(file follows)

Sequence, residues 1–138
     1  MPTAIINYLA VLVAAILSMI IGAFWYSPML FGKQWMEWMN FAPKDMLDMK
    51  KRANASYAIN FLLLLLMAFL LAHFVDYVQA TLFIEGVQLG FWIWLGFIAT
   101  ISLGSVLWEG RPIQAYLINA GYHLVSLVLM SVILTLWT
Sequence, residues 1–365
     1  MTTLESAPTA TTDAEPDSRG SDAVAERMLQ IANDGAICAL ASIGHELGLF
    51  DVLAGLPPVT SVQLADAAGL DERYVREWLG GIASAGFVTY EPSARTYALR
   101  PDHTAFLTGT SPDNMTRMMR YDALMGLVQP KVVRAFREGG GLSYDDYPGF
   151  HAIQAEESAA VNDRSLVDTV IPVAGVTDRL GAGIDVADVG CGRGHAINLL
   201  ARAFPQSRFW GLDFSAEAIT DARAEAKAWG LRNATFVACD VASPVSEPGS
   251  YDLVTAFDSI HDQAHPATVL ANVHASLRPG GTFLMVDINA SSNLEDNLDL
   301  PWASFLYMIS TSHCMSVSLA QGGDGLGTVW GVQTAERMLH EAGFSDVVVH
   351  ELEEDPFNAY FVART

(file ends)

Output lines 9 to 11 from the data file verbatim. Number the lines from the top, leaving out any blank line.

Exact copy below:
   151  HAIQAEESAA VNDRSLVDTV IPVAGVTDRL GAGIDVADVG CGRGHAINLL
   201  ARAFPQSRFW GLDFSAEAIT DARAEAKAWG LRNATFVACD VASPVSEPGS
   251  YDLVTAFDSI HDQAHPATVL ANVHASLRPG GTFLMVDINA SSNLEDNLDL